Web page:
Long-term care questions to consider

A long-term care insurance policy pro-vides the funds to pay for the care people need when they need it — whether it is tomorrow or 20 years from now.

A long-term care insurance policy pro-vides the funds to pay for the care people need when they need it — whether it is tomorrow or 20 years from now.

One of the most common objections to buying long-term care insurance is the notion you can pay for long-term care services yourself if and when those services are needed.

But experts say there are many reasons self-funding may not be in your best interest. Ask yourself these six questions:

• What about your spouse? Even if you think you have enough money to pay for long-term care, think about what will happen if you need care for several years and the financial impact on your spouse’s retirement and future care.

• Have you considered the tax implications? Most people do not have money set aside specifically for long-term care. That means they may have to liquidate assets.

When that happens, capital-gains tax, income tax and potential penalties can all take a bite out of the returns those assets were expected to generate.

• Are you prepared to invade your plan? People with significant assets generally have a plan for those assets. No one wants to use money that’s been set aside for retirement or a child’s inheritance to pay for long-term care services. You do not want to have to cash in an asset meant to fund something else.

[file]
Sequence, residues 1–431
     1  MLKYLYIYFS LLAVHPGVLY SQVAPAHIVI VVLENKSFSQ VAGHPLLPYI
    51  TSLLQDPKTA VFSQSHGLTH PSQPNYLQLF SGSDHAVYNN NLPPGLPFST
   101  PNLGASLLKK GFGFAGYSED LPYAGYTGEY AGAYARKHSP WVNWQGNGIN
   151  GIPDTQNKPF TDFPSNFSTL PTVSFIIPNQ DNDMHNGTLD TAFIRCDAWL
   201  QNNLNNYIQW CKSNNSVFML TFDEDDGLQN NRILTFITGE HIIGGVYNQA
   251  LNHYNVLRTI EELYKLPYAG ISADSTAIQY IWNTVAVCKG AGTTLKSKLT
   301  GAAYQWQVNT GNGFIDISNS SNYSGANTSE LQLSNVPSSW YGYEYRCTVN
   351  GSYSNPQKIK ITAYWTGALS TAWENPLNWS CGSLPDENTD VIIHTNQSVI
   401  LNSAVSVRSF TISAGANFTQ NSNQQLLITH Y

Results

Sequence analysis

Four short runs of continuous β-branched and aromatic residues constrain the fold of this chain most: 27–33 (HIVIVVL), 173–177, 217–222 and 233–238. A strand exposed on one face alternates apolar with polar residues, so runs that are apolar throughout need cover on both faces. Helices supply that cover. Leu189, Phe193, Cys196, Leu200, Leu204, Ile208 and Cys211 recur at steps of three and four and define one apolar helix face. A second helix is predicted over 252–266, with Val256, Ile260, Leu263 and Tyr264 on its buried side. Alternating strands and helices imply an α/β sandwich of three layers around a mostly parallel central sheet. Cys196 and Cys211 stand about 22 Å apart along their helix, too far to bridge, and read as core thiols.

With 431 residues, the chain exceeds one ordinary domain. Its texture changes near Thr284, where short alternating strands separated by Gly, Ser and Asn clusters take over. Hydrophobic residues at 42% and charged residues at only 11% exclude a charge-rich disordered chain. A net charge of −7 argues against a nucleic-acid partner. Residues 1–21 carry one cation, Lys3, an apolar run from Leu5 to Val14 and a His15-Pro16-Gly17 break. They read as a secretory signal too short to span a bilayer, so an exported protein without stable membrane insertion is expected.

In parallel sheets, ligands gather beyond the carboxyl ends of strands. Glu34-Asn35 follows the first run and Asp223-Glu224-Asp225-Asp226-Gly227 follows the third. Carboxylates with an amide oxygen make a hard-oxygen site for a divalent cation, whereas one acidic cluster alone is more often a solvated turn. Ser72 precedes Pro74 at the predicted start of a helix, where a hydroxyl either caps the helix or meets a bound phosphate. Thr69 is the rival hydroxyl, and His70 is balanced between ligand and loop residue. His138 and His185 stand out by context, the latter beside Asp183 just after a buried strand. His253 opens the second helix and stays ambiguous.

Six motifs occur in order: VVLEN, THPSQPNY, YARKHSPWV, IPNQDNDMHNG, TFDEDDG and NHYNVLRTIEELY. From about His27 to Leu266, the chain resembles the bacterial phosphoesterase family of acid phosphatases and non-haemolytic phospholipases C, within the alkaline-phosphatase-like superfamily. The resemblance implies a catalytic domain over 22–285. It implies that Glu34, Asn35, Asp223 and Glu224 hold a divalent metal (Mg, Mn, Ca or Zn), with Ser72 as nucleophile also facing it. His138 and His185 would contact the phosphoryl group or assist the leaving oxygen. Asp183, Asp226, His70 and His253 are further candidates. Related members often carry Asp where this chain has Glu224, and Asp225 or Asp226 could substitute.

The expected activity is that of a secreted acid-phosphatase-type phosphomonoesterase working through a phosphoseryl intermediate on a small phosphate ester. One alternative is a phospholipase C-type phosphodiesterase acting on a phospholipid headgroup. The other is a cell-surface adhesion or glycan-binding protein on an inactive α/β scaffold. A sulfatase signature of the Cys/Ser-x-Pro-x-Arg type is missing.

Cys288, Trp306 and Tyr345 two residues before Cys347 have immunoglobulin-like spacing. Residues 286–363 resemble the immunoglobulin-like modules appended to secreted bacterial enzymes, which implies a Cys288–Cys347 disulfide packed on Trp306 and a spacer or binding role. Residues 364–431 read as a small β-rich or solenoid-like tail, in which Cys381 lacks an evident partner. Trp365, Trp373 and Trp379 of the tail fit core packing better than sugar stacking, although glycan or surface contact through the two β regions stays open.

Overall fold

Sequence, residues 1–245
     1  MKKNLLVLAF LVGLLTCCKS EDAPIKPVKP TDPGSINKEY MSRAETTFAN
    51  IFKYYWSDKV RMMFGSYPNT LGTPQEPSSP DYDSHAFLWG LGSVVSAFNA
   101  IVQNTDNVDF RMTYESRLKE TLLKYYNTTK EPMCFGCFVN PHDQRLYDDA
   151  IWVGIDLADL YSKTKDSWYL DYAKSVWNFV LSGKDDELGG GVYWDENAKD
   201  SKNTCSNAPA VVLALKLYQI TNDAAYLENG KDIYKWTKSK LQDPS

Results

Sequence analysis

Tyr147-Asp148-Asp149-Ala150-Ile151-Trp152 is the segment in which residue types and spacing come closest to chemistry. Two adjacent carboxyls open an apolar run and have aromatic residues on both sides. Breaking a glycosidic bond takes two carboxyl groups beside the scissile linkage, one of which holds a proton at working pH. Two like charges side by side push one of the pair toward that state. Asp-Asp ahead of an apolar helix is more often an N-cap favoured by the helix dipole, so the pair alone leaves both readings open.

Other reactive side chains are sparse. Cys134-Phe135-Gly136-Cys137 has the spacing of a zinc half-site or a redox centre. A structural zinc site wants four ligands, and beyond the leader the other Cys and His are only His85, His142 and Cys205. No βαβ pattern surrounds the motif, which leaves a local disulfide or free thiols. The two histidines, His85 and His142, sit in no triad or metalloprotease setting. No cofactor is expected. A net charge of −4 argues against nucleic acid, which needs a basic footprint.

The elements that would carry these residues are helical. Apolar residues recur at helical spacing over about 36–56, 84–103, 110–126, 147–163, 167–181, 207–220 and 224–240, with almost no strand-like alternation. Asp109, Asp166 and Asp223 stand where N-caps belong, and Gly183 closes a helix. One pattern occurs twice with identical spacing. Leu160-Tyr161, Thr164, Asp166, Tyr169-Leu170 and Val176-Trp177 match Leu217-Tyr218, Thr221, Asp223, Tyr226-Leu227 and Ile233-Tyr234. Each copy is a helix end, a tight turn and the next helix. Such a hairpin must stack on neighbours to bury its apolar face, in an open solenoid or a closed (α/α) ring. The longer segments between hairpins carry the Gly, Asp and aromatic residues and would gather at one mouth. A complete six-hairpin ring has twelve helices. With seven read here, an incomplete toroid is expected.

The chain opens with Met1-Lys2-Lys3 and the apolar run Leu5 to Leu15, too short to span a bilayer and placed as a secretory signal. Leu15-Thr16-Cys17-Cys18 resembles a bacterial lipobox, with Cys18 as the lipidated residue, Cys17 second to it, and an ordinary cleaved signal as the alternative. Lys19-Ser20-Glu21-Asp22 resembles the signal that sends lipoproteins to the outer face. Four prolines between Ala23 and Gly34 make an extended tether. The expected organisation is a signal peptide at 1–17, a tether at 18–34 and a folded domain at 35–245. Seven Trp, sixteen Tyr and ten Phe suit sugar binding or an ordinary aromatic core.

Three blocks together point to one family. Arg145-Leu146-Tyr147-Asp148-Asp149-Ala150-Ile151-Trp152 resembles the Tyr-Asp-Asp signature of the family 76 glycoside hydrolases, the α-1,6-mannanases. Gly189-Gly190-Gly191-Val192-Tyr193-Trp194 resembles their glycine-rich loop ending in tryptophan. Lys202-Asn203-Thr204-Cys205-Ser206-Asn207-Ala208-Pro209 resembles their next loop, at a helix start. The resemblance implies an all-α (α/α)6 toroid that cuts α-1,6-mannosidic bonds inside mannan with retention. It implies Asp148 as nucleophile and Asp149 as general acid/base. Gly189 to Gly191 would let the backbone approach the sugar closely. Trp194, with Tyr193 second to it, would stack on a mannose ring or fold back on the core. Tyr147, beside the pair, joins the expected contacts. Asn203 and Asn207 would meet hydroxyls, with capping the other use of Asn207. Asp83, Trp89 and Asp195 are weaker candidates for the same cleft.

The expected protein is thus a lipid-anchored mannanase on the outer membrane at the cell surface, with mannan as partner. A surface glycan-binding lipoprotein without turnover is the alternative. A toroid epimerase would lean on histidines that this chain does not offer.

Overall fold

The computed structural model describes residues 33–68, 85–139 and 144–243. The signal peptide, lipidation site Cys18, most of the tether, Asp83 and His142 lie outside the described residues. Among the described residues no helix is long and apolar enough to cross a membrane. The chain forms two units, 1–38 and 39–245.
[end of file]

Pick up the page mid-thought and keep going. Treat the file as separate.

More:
• Have you thought about the cost of lost opportunity? Even if you have funds specifically to pay for long-term care services, that money must be invested so there’s enough available to pay for care 10, 15 or 20 years down the road. That could require setting aside a large sum or investing conservatively to ensure money will be available when needed. If you purchase long-term care insurance, you may be able to invest more aggressively and earn higher returns on your retirement nest egg.

• Can you really save enough? There are a lot of “what ifs” when it comes to investing your own money to pay for long-term care services. What if you do not save enough? What if your assets do not earn enough interest? And the biggest “what if”: What if you need long-term care tomorrow?

There is no guarantee anyone will have 10 or 20 years to save.

• Are you sure you will get the care you need? Most people who say they will self-fund are reluctant to use long-term care services because they know the cost is coming out of their own pockets.